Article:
The strongest weapon known to deter cyberattacks is not an impenetrable firewall (no such thing). It is not the most advanced anti-virus software. It is not the most resilient, robust IT infrastructure. While all those are vital to a robust cybersecurity program, it is your employees, and you as their leader, who are the front line of defense against cyberattacks. This also means that you and your employees also represent your greatest threat for these attacks. Let me explain.
The World Economic Forum, in its report on the Global Risks of Highest Concern, listed cyberattacks as eighth in a list of twenty-nine areas for concern.1 In 2015, losses due to cyber-attacks were put at $3 trillion dollars. By 2021, it’s projected to grow to $6 trillion dollars.
If you think your business is too small to be affected by this, think again. Small to mid-sized businesses are the favorite targets of the cybercriminal. Why? Because they invest less on IT infrastructure resilience making them more vulnerable to attack and invest less on training employees how to spot cyberattacks. This lack of investment can cause both a loss of revenue and reputation.
Surprisingly, a study by IBM in 2016 found “that 60% of all attacks were carried out by insiders! Of these attacks, three-quarters involved malicious intent and one-quarter involved inadvertent actors.”2 This is why your employees can be your greatest threat as well as the strongest defense against cyberattacks. What’s a CEO to do? Plenty!
The old adage “The best defense is a good offense” applies to your cyber security program. Since your employees are the front line of that defense, here’s what you must do.
Train your employees to spot cyberattacks from the outside.
Cybercriminals use some form of “social engineering” to gain entrance to your business. Social engineering is “the use of deception to manipulate individuals into divulging confidential or personal information that may be used for fraudulent purposes.”3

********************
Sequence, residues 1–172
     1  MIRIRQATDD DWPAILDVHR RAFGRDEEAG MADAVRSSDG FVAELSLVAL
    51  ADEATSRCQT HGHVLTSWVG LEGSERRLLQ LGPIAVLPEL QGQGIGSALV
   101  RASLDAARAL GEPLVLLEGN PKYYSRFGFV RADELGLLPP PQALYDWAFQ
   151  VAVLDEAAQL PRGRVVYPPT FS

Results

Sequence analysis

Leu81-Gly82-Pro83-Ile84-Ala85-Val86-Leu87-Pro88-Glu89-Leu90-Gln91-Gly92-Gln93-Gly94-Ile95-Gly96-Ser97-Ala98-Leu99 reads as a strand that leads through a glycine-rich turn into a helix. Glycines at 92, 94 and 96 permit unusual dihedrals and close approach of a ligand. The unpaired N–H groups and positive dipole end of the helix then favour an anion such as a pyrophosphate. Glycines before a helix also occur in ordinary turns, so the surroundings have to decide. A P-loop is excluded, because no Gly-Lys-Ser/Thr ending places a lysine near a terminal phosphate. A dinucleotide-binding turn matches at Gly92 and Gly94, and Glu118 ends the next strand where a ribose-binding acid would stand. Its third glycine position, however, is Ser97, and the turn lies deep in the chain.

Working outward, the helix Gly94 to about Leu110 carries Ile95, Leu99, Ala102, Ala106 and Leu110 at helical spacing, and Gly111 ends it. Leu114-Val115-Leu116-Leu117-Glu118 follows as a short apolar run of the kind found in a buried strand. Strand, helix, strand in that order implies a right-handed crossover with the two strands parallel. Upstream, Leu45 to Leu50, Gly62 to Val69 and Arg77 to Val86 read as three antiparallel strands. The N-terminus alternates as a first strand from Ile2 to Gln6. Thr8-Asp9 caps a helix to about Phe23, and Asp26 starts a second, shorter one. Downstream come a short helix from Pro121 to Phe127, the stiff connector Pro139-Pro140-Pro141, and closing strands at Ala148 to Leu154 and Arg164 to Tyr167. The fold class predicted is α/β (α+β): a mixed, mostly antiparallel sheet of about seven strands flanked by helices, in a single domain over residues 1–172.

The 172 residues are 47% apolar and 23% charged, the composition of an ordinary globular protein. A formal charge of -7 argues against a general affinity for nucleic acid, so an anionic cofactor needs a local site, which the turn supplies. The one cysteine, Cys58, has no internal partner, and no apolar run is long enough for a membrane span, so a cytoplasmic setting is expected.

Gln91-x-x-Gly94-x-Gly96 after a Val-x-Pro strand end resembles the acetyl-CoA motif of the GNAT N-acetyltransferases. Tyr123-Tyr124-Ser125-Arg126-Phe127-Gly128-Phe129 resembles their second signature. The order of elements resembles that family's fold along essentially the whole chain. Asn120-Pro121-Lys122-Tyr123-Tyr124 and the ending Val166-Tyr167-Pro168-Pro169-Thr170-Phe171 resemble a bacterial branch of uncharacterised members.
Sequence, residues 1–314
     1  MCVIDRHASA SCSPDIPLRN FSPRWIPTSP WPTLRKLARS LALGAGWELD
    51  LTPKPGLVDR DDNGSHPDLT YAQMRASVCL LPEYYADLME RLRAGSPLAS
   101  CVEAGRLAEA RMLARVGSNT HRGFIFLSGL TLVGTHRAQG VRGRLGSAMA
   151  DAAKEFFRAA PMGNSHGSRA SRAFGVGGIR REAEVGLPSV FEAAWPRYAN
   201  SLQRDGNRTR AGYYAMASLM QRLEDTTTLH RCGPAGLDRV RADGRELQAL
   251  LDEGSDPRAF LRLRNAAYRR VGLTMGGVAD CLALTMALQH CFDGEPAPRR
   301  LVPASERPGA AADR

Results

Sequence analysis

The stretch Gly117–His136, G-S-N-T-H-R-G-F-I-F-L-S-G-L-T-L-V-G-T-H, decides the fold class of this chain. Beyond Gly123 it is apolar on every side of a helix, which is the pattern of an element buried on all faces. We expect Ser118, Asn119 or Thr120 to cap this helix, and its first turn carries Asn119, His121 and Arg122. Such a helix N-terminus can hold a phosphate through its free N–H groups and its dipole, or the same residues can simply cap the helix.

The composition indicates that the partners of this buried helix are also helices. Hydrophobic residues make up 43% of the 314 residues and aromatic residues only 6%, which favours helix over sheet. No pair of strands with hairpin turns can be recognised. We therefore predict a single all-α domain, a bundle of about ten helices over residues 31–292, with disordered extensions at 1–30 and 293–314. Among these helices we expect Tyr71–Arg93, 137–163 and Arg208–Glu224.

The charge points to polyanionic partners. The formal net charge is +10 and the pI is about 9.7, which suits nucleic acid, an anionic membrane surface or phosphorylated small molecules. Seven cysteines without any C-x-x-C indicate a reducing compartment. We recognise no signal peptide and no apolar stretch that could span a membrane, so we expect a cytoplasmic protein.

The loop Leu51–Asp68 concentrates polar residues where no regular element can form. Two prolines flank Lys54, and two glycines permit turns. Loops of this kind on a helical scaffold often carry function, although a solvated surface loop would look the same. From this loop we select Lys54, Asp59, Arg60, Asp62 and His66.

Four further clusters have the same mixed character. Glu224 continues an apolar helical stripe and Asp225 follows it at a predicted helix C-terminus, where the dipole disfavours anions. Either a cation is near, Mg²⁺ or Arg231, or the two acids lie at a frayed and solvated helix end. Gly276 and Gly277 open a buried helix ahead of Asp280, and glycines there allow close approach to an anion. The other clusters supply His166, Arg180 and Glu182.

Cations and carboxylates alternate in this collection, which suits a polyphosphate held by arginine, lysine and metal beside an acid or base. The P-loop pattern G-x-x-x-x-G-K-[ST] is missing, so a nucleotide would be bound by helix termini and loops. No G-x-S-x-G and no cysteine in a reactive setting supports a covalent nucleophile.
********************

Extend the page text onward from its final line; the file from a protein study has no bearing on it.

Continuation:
The most common form is the “phishing email”. These emails look like they’re coming from a trusted source such as a bank, a customer, or a vendor, but they’re not. The links or attachments in the email may contain a computer virus which infects the entire computer environment. The virus may sit unnoticed in the recesses of the computer system quietly gathering and transmitting information out of the company to the cybercriminals. Worse yet, the email may contain a ransomware virus which will lock-up the computer system until a ransom is paid and a code transmitted by the “bad guys” to free up the system.
How can you tell if an email is a “phishing” email?
• Look for spelling or grammatical errors. Many of these attacks originate from outside of the United States by people not familiar with the language and these errors stick out.
• Is the sender asking for information they normally wouldn’t? Be suspicious of that email. Use “two factor verification” and call the sender and verify that they sent the email and need the requested information. Cybercriminals can “hijack” email addresses to make themselves appear legitimate.
• Roll your mouse over the url of an embedded link in the email. You’ll usually be able to see the actual hyperlink address. If it’s different than the name of the displayed link, assume that it’s fake and don’t click on it.
• Is the email from a government agency threatening action unless replied to? Government agencies, like the IRS or FBI, will send a letter, not an email, if there’s an issue.
Cybersecurity is everyone’s responsibility
This is not a problem for your IT staff alone. Everyone in your company has to take responsibility for cybersecurity because everyone with an email address is a target.
Here are some best-practices your company can follow:
• Invest in a cyber-awareness training program and make it mandatory for everyone from the C-Suite to the custodial staff
• Recognize employees who find and eliminate cyber threats
• Provide remedial training for any employee who inadvertently falls for a cyber attack
• Make cybersecurity activities a part of your employee annual review
• Immediately terminate network access for everyone who leaves the company regardless of the reason
• Bring your Human Resources policies in line to recognize and deal with this threat. Termination should be considered for those employees who repeatedly ignore your cybersecurity policies.
You, as a leader in your business, need to take the cybersecurity “bull by the horns”. This is not an IT problem, it’s an enterprise wide problem. You need to lead the charge in creating a cybersecurity offense program for your business to keep the “bad guys” out by never giving them a chance to get in.
3. [Google Dictionary]↩
David Discenza, CBCP, president of Discenza Business Continuity Solutions, has been involved in business continuity planning since 2009. He was the business continuity manager for the Risk & Information Management (RIM) group within American Express and currently works with companies in Philadelphia, New York City, Washington, DC, Baltimore, Connecticut, and nationwide to help them formulate plans they can implement when an unexpected business interruption occurs. David is certified as a Business Continuity Planner by the Disaster Recovery Institute International.